One example is my prediction that videophones would become popular. From the 1990s until 2005, I predicted the proliferation of videophones three times, but I was wrong every time. There wasn’t a single time that their use spread at the rate I’d predicted. In the past there were several foctors preventing their widespread use, such as the high price of the devices and the slow communication speed, but even now those issues have been resolved, videophones are not very popular. Ultimately, I think this is because Japanese people didn’t like the communication style showing their faces while speaking. The psychological hurdle to appearing on camera for a sudden phone call was higher than I’d expected. I learned that no matter how much the technology and its use environment advance, whether people will accept it is a different matter.
The “Galapagos-Godzilla Dispute”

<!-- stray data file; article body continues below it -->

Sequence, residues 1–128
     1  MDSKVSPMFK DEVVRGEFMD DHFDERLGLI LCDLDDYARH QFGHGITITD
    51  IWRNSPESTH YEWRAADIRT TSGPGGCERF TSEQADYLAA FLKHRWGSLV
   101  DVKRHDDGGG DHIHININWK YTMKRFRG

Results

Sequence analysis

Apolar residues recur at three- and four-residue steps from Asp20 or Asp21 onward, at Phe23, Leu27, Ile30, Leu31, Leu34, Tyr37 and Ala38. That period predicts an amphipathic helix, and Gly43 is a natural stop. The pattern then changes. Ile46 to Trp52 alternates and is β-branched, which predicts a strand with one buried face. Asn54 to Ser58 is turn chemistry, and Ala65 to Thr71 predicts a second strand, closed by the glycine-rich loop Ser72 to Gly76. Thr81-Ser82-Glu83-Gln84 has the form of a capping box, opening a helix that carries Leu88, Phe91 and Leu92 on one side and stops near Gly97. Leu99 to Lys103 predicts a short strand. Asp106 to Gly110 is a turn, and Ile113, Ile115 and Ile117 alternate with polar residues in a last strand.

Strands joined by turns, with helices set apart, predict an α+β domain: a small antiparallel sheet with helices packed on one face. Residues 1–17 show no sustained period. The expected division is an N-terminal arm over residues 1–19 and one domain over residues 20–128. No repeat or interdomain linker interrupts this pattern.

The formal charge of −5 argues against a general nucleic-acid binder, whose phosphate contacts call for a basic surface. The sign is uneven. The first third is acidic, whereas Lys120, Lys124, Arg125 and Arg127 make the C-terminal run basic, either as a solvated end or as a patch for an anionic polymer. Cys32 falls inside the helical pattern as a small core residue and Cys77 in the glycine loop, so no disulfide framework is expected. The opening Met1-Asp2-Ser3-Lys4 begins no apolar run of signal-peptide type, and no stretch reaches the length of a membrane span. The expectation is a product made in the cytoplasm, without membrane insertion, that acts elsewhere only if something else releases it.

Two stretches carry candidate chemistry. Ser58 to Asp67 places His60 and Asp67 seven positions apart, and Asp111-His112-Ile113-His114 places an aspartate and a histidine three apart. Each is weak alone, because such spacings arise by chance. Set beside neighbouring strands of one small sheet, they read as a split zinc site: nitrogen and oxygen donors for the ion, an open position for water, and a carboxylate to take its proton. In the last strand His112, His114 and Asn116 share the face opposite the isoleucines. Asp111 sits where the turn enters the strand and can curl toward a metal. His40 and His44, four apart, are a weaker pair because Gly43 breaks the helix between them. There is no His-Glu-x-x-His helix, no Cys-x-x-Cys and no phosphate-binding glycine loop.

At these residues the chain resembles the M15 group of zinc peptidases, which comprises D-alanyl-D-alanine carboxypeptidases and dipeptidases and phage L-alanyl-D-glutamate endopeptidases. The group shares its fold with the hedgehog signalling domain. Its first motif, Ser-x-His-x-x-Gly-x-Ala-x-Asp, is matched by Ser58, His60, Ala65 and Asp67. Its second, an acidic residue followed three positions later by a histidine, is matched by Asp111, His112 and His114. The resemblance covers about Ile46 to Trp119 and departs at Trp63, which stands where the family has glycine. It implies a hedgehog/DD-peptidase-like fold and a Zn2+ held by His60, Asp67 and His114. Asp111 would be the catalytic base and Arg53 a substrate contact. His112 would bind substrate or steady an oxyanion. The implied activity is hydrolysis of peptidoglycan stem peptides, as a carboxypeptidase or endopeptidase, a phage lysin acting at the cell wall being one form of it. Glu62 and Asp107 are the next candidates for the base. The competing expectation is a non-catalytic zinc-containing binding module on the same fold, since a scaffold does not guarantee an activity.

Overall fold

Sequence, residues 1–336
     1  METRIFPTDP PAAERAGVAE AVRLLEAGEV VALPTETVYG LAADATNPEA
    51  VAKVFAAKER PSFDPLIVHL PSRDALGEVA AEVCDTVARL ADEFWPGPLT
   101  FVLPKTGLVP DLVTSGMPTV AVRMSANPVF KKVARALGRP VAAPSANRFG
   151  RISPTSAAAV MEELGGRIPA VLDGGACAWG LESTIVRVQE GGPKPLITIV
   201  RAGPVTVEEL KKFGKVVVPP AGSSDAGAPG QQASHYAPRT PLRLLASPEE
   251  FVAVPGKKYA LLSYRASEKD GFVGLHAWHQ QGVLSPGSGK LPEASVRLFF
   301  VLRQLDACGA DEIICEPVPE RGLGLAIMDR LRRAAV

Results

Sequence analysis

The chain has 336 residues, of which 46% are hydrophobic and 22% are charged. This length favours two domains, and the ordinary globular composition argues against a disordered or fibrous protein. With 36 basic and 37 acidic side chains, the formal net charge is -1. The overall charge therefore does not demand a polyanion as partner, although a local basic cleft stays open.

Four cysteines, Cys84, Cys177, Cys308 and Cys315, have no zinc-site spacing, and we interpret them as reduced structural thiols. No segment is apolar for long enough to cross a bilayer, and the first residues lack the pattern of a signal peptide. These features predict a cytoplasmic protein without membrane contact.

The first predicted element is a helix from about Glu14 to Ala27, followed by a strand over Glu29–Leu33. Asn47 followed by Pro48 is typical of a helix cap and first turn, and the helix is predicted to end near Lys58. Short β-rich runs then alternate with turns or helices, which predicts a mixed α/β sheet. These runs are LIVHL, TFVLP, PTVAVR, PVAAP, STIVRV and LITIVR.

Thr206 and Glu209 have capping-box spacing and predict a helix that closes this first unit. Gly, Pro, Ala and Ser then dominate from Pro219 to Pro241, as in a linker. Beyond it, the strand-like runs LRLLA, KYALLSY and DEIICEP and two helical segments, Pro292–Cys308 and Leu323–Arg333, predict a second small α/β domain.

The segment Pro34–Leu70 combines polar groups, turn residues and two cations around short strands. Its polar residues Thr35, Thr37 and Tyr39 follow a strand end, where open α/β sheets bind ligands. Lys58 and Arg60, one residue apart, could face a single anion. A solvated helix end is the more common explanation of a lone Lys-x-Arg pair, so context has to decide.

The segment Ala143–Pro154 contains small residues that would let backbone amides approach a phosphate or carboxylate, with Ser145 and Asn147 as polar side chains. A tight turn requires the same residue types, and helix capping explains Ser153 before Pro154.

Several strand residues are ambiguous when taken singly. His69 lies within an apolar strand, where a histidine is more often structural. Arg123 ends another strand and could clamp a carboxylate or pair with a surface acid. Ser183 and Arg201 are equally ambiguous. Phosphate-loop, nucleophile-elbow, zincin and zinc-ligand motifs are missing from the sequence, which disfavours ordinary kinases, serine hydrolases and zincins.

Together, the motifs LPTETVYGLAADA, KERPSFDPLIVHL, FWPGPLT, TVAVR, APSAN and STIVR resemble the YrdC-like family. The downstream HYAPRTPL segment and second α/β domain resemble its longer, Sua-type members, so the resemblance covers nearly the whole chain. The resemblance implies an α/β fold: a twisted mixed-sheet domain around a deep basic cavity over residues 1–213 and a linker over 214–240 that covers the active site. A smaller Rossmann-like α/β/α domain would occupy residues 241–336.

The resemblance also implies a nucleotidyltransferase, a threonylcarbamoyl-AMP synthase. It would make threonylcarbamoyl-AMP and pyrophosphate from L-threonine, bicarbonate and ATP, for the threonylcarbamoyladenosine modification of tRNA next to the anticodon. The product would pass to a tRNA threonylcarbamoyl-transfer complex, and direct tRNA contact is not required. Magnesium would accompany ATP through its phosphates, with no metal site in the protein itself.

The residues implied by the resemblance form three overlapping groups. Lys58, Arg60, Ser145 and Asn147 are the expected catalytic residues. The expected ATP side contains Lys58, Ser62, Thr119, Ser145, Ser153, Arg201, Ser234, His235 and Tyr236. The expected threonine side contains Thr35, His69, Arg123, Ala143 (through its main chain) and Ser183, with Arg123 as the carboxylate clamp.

In addition to making forecasts, I have also presented various opinions to the industry, and started several debates. One that remains strong in my memory is my refutation of the theory of “Galapagos Syndrome.” Around 2008, people started talking about “Galapagos Syndrome,” implying that as a result of the unique development domestically of mobile phones and other IT-related products in Japan, “Japan had deviated from international standards and therefore was unable to survive international competition.” I disagreed with this view. This sparked what I refer to as the “Galapagos-Godzilla Dispute.”
Take Japanese cellphones as an example. Japanese manufacturers uniquely developed cutting-edge technology to create cellphones with desirable features such as the capability to display text through data communication, the addition of a camera function, and the ability to display monitors in color, thereby driving the evolution of these phones. Because this resulted in failure on a global scale, they were criticized as having fallen prey to Galapagos Syndrome, but if they had seen global success, they would have been hailed as Godzillas.